Anti-water charge protestors adhere to ‘sustained resistance’ in Cork suburbia

One of the country’s first anti-water charges groups has vowed to mount “sustained resistance” against meter installation on “their own patch”.

Anti-water charge protestors adhere to ‘sustained resistance’ in Cork suburbia

The Ballyphehane/ South Parish Says No To Water Charges group in Cork, which has organised water meter blockades across the city and county for over a year, is now resisting meter installation in its own area.

Group members have spent the last two days blocking Irish Water contractors from installing meters in the Ballyphehane and Turner’s Cross areas of the city.

A spokesman, John Lonergan, said the time has finally come for them to “defend our own patch”.

“We have been waiting for over a year for this. We know they have a job to do but we have hundreds of people in Ballyphehane who don’t want water meters, and who don’t want our water privatised.

“We have phenomenal support in this part of the city. We have been astounded by the community support. We will continue this blockade indefinitely.”

The protest group says it has ‘phenomenal support’ and that it will continue to blockade the installation.
The protest group says it has ‘phenomenal support’ and that it will continue to blockade the installation.

Mr Lonergan was speaking as members of the protest group, several of whom were among a group which stormed City Hall and interrupted city council meetings several times earlier this year, joined local residents on the second day of a blockade in the Clareville Estate area of Ballyphehane.

The group, whose members were standing inside the contractors’ work zone barriers, claimed that their protest forced the withdrawal of contractors from the area, and prevented the installation of dozens of water meters.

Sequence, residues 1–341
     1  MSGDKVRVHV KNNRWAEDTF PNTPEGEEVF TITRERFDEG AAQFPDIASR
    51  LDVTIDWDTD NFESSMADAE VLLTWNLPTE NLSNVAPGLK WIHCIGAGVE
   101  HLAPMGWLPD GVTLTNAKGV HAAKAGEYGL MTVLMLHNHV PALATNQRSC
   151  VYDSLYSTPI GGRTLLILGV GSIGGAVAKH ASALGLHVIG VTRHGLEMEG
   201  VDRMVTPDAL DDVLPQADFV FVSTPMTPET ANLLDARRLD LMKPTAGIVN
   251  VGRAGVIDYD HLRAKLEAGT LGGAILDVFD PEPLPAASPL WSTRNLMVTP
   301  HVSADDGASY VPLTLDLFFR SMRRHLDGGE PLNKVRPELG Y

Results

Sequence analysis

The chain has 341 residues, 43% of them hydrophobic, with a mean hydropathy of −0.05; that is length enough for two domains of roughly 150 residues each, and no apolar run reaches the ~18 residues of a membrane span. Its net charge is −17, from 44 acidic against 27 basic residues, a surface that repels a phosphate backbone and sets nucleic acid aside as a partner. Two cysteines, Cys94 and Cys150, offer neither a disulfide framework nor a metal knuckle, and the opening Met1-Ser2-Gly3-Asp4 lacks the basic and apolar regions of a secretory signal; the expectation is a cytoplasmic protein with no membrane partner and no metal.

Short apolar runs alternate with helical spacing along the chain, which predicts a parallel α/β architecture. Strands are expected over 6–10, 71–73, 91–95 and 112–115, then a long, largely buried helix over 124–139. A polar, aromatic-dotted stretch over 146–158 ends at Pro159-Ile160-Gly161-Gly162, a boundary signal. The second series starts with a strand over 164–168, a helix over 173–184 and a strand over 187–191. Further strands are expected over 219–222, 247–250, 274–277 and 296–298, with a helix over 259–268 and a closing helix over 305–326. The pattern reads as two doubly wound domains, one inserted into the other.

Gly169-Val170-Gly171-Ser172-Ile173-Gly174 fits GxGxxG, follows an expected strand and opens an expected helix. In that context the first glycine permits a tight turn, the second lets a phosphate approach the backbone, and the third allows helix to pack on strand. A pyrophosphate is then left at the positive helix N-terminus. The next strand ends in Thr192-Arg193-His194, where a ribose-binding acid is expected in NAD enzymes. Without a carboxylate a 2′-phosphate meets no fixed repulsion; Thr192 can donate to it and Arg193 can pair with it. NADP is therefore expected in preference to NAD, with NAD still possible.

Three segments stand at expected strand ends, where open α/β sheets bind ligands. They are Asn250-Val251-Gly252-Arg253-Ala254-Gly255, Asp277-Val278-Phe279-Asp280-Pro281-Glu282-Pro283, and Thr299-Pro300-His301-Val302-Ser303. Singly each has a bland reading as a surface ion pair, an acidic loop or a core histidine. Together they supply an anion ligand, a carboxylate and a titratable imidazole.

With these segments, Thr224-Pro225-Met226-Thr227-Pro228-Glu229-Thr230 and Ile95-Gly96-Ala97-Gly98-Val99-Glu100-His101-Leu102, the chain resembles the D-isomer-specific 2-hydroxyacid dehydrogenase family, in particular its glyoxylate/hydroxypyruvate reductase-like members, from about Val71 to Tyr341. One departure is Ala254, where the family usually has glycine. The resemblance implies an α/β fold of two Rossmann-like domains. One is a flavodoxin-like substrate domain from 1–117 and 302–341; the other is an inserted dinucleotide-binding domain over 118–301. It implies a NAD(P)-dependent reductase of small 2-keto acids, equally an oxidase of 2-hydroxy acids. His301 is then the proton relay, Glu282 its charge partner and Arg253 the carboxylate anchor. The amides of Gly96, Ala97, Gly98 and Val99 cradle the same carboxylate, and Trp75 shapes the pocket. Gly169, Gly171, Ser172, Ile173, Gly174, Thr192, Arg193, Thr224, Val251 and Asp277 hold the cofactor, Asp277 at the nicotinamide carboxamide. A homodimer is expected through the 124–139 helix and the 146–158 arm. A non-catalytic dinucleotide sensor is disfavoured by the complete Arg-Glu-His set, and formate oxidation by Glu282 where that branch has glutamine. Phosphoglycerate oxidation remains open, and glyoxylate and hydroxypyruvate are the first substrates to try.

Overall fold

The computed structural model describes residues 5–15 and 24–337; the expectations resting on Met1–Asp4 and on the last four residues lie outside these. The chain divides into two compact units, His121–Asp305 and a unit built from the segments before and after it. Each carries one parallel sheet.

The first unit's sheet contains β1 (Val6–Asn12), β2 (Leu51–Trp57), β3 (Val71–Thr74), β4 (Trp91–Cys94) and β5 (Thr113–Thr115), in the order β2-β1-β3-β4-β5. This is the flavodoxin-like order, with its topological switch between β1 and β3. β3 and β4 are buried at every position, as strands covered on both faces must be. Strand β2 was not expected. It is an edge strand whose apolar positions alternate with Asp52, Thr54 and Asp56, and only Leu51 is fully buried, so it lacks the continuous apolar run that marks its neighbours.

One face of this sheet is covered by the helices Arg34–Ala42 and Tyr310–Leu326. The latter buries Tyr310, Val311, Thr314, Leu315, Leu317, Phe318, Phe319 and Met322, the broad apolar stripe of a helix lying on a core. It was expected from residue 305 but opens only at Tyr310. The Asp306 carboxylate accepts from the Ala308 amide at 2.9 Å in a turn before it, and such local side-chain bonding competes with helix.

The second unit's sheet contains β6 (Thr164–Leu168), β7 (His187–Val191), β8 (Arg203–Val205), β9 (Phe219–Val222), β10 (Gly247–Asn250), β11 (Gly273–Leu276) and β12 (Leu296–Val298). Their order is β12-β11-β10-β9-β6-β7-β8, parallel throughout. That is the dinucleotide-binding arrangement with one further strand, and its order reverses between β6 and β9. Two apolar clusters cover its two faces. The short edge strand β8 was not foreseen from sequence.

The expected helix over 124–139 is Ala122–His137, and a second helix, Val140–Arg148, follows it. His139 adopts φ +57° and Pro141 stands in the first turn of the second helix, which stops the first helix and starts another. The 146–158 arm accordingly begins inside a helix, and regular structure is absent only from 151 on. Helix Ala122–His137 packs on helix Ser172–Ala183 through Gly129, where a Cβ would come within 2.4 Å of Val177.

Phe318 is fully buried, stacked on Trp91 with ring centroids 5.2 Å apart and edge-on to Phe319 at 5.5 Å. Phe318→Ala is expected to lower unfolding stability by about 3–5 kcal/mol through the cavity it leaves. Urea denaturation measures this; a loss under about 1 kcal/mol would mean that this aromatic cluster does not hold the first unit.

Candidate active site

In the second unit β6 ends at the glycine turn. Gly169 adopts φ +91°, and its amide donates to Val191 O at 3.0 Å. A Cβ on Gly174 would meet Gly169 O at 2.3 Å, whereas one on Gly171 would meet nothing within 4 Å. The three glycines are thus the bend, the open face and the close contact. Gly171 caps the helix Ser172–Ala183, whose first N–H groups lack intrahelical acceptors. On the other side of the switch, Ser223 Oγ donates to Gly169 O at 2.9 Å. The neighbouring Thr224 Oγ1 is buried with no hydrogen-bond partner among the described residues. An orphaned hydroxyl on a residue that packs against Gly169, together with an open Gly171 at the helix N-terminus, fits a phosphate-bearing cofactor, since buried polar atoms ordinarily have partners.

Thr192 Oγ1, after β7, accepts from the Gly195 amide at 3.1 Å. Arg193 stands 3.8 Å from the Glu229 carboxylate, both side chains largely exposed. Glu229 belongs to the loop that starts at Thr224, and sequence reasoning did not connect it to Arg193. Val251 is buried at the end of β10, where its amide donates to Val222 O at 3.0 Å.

Members of a new Garda unit set up specifically to police water protests was called to the estate on Monday, and again yesterday.

But Mr Lonergan criticised the deployment of up to 13 gardaí to the estate, and the group posted several videos on social media platforms showing a standoff between gardaí and protestors.

The video shows Mr Lonergan and several other members of the group standing inside plastic barriers erected by the contractors around areas earmarked for meter installation.

It shows gardaí explaining to the protestors that they were in receipt of a complaint that the protestors were interfering with the installation of water meters. A court order is in place directing protestors not to come within 20m of water meter installation work zones, and to not interfere with water meter installation work.

The video goes on to show protestors arguing that the court order infringes on their constitutional right to peaceful protest. The standoff lasts several minutes and ends without arrests.

Mr Lonergan said despite his criticism of the strong garda presence, the protestors have established a good relationship with gardaí. He also said the protest group is considering running a candidate in the forthcoming general election.

He said he himself is considering standing and that a meeting will take place in the Metropole Hotel next week to decide the group’s strategy ahead of the election.

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